i.         Facts: Neff owed Mitchell some money for legal services. When he didn't pay, Mitchell sued in Oregon State Court.  Neff didn't live in Oregon and never appeared at the trial. He probably didn't even know it was going on.  Mitchell submitted an affidavit that Neff owned land in Oregon and lived in California but couldn't be found. In order to satisfy the requirement of service of process, Mitchell put an ad in a local newspaper saying he was suing Neff.  The Court confiscated Neff's land and sold it at auction to generate the money needed to pay Neff's debt to Mitchell.  The land was conveniently bought by Mitchell, who in turn sold it to Pennoyer. When he found out what happened, Neff sued Pennoyer in Federal Court to get his land back.
ii.        Rule: A court may enter a binding judgment against a non-resident only if he is personally served w/ process while within the state or if he has property within the state, if that property is attached before litigation begins.
b.       “Full Faith and Credit” Clause – full faith and credit shall be given to each state to the public acts, records and judicial proceedings of every other state
i.         Will be enforced as long as the state rendering judgment had jurisdiction and due process satisfied
c.        The decision makes the boundaries between states very substantial- state affiliations, regional affiliations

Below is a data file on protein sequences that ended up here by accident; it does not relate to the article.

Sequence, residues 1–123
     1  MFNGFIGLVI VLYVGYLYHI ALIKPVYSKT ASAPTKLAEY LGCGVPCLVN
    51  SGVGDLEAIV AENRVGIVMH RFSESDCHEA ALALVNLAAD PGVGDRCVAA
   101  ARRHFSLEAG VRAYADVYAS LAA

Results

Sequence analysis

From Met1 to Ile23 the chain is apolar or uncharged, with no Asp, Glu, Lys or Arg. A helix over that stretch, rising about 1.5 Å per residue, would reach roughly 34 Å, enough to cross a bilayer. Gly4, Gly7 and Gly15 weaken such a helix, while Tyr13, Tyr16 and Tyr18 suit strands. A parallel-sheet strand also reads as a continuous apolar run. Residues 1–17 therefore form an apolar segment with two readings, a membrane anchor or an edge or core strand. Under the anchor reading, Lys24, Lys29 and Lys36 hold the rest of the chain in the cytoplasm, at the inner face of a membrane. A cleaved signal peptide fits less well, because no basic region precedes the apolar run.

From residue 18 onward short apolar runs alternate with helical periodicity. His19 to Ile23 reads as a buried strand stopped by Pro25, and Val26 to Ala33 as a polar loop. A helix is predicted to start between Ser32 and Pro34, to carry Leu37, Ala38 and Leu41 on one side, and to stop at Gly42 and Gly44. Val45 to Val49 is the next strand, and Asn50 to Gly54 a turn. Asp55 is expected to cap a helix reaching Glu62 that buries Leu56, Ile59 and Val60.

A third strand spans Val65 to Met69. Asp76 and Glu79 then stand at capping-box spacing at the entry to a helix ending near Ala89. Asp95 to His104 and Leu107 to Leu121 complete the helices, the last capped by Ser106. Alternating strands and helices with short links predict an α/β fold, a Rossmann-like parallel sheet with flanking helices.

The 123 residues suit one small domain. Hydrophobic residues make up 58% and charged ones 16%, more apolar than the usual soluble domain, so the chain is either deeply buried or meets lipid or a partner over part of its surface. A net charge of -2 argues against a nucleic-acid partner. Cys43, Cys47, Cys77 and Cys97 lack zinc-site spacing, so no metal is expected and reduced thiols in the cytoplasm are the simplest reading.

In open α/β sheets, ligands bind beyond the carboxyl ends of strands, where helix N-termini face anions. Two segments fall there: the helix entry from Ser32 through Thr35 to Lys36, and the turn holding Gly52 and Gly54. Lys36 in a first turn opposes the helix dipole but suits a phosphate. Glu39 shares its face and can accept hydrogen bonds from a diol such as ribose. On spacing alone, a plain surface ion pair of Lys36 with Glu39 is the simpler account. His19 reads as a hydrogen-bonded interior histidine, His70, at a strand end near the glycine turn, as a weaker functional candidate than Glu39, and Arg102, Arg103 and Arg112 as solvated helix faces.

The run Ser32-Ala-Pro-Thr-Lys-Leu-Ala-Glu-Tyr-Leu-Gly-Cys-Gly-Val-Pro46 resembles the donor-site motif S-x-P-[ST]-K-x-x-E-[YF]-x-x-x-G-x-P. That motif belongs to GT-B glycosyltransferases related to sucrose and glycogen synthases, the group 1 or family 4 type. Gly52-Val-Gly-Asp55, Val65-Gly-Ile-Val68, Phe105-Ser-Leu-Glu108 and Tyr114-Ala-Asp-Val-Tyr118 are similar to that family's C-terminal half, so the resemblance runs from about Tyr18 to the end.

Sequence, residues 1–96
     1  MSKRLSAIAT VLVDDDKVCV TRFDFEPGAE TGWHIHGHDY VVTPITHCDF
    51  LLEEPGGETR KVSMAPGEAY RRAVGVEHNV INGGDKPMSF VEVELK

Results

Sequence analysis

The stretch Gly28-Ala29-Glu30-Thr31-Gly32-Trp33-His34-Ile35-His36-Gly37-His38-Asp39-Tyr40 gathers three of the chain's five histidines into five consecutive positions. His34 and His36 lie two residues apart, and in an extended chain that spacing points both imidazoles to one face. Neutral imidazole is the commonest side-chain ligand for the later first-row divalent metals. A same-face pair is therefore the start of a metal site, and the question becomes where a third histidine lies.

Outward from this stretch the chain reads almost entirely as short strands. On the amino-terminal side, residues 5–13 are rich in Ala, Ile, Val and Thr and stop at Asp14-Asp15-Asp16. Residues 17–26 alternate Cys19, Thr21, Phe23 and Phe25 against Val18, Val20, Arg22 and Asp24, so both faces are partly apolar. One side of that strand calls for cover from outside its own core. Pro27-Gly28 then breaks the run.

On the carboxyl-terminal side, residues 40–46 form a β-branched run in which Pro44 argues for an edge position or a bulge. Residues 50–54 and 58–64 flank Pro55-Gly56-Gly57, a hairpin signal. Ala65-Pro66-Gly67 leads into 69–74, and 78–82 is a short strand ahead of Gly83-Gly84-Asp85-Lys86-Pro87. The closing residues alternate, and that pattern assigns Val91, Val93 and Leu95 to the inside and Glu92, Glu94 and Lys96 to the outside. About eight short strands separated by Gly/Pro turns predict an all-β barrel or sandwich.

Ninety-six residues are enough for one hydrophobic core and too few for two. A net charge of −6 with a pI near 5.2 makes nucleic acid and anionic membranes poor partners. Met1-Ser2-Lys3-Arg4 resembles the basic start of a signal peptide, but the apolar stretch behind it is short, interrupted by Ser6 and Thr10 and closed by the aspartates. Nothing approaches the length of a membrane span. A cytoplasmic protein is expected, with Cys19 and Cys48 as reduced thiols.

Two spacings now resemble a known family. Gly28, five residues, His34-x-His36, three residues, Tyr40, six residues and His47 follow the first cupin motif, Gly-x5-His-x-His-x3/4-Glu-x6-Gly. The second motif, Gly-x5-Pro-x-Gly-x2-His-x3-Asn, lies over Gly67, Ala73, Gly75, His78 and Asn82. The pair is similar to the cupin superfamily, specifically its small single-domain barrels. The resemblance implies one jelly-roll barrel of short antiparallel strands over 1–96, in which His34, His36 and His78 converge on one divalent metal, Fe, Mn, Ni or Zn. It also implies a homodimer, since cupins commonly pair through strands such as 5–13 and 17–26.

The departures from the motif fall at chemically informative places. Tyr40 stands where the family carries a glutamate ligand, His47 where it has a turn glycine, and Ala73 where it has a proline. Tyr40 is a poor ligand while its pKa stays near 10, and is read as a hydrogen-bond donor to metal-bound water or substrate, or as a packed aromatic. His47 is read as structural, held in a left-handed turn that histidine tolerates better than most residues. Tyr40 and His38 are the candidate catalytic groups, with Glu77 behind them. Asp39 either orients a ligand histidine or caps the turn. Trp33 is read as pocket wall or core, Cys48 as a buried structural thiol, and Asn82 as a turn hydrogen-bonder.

3.       Express
a.       Kane v. NJ
i.         Facts: New Jersey Procedure – Anyone who drives in NJ has to appoint an agent and that agent receives process, which thereby fulfills due process whether the out of state person comes
ii.        Rule: Constructive service through an agent is ruled constitutional
iii.     Negative?: Hard to keep track, inefficient
4.       Implied
a.       Hess v. Pawloski
i.         Facts:  MA resident sues a PA resident for a car accident in MA.  Under statute, MA appointed an agent to stand in for driver for service of process
ii.        Rule:  Personal jurisdiction over residents of other states is constitutional because there is implied consent [when travel to other states] to be subjected to personal jurisdiction within that state
iii.      “ Privileges and Immunities Clause”- Can’t discriminate against citizens of another state

C.      The Shift to Minimum Contacts (The Umbrella Rule)
1.       Way of thinking about personal Jurisdiction: One Rule, Minimum Contacts
a.        Can make personal jurisdiction arguments no matter what side you’re on
b.       This is because the development of the rule is fluid and ongoing
c.        Not a series of discrete rules culled from various cases, but rather one rule expounded upon, examined, debated
d.       At the end of this road, we’ll have a big basket of cases that expand on the minimum contacts test and use the cases most beneficial to you
e.       One of these cases is not overruling the next, rather, it’s adding meat to the bones of the rule
2.       International Shoe v. Washington (1945)